The Forest Grove Royal Canadian Legion Branch 261 wants everyone to know it’s open for business.
Legion president Wendy Clarke said the organization is hurting as a result of COVID-19 and is appealing to the public to come in or take out meals from its new menu. The Legion will be open Wednesdays, Fridays and Saturdays from 4-7 p.m. and will stay open longer if needed.
The Legion can hold up to 38 people at one time with social distancing in place and a special door for takeout so nobody has to come inside. However, non-members must come with a member during the COVID-19 pandemic, due to the number of restrictions and the fact Legion members can’t be turned away. The Forest Grove branch has a membership base of between 120 and 174.
“We don’t have the people coming in and I understand it’s really difficult because you have to come in with a member,” Clarke said. “We’re trying to get the information out there that we are open. We’ve really tried to set it up and arrange it so you’re self-distancing so you feel comfortable but you can still talk to people across from you. Because we are such a small community just about everybody who comes in here knows everybody.”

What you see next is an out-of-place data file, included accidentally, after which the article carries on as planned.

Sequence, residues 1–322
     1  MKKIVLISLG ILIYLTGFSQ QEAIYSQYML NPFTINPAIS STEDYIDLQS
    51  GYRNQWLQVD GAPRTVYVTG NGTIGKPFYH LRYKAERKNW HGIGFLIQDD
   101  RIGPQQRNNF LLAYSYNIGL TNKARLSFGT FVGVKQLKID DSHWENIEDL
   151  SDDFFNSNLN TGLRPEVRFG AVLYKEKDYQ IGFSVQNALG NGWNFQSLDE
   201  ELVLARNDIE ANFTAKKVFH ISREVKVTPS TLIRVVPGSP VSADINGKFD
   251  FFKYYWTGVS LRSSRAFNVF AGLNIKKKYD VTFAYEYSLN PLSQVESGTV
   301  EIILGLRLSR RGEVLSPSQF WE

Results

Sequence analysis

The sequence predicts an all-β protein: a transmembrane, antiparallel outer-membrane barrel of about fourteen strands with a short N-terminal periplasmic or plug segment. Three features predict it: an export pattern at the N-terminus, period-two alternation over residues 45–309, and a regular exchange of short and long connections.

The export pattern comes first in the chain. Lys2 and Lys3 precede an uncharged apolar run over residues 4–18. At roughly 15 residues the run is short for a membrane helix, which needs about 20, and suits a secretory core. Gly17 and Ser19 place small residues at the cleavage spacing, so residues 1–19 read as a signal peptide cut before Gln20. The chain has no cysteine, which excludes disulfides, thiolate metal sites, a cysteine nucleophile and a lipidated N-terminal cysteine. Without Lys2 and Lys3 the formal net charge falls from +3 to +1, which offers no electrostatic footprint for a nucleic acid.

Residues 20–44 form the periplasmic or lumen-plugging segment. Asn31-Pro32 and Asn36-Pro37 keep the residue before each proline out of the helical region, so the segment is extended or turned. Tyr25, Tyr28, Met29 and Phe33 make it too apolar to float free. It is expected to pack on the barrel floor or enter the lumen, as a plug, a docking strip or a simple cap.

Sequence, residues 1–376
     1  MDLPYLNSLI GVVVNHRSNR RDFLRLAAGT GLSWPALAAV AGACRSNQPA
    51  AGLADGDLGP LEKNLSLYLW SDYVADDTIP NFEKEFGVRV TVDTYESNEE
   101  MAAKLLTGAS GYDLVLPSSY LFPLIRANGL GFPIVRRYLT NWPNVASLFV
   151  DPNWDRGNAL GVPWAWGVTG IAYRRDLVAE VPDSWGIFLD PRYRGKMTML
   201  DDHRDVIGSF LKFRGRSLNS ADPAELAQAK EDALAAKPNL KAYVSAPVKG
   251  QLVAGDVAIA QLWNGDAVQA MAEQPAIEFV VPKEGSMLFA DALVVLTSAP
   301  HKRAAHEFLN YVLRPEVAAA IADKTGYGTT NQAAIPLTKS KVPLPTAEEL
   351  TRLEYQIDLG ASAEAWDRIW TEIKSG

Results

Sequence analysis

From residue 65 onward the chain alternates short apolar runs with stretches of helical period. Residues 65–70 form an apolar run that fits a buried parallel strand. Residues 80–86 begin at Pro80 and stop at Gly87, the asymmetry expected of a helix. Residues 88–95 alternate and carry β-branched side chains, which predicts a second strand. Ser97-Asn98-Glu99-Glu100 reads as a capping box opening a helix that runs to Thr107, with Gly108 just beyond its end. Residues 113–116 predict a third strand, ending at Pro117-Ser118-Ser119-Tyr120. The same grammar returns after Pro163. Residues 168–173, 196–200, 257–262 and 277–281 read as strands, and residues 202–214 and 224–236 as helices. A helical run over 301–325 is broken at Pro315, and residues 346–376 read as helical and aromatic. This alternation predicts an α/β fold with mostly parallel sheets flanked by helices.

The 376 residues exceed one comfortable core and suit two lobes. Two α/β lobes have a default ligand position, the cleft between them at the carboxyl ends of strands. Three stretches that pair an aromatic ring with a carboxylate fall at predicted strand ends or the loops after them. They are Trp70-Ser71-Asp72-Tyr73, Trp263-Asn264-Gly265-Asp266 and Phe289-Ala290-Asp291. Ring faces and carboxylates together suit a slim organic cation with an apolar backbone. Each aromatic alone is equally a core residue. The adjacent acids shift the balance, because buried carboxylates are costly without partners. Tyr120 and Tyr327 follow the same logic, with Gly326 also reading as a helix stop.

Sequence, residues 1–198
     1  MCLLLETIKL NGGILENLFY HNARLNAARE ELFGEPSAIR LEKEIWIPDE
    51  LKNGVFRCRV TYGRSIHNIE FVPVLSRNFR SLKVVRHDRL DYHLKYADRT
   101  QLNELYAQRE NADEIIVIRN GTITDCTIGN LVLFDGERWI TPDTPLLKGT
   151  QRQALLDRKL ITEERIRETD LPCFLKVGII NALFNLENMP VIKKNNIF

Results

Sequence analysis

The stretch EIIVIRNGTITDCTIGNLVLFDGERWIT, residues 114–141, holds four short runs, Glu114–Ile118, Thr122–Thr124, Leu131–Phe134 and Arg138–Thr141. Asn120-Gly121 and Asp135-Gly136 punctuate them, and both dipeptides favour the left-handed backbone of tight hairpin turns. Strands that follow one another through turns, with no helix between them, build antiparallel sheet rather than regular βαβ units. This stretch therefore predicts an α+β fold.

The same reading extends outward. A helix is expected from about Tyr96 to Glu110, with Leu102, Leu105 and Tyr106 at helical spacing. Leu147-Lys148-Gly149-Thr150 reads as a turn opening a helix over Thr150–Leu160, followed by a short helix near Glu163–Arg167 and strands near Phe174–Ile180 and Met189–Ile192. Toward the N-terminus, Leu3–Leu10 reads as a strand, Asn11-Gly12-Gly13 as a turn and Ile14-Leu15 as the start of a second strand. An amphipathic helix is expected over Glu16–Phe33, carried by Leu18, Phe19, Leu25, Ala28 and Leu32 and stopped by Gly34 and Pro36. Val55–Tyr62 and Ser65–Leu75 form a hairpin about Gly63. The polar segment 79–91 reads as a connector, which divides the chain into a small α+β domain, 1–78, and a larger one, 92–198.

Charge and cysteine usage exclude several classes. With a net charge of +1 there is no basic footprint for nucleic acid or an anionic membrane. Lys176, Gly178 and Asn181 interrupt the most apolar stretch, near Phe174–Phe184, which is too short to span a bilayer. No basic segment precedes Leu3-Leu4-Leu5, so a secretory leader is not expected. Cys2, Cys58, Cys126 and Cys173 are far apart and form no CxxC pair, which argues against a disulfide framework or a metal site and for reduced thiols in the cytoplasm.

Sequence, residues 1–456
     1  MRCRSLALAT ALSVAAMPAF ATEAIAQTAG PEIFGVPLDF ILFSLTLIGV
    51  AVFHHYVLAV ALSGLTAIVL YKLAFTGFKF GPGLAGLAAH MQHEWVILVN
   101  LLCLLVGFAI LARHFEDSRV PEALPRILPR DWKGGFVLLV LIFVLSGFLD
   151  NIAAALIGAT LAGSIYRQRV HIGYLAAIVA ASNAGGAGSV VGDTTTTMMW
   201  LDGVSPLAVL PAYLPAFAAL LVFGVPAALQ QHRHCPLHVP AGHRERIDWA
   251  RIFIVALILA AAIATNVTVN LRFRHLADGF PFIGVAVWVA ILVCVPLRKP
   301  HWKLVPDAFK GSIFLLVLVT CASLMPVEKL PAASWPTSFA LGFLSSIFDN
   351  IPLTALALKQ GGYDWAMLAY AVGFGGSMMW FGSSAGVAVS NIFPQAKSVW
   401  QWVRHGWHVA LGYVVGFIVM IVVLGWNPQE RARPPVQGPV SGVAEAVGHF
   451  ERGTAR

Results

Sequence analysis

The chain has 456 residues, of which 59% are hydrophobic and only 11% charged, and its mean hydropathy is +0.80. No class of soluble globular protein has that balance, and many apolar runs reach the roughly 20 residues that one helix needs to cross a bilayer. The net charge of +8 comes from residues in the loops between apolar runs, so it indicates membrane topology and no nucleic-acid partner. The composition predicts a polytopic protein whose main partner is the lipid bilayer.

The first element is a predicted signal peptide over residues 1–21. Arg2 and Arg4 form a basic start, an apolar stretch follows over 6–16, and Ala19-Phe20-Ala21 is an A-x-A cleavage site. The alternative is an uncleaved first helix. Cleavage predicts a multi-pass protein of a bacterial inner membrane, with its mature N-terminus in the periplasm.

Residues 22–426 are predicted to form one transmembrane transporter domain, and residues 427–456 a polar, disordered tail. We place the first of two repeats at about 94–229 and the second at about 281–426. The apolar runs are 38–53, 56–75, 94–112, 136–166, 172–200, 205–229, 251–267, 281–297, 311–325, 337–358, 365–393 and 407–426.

The Legion is losing about $500 a month after expenses, which include Hydro and insurance costs to stay open, Clarke said. Although the Legion doesn’t have a mortgage, insurance is about $426 every month, Hydro is $500 and there are additional costs for things like snowplowing. The Legion had previously been able to access gaming grants but those have been limited or non-existent this year.
It is also losing money because it can’t hold events anymore, such as bingo.
“It all adds up,” Clarke said, especially when they have quiet nights like a recent Wednesday when they only sold one beer, one pop and one water. Two people had meals but there was not even a takeout order.
Although that’s an oddity, Clarke said she hopes it doesn’t become the norm and is appealing to the public to come in. The Legion has been busy using various other grants to update the legion with a new bar and glasswasher and adding a new furnace and air conditioner. Volunteers have also added LED lighting and are also renovating the washroom for people with disabilities.
“Slowly we’re trying to get it updated here,” she said. “All you can do is hope. I get it that people don’t want to drink like they did years ago and that’s good really but if we get the support in the kitchen that will take us a long way.”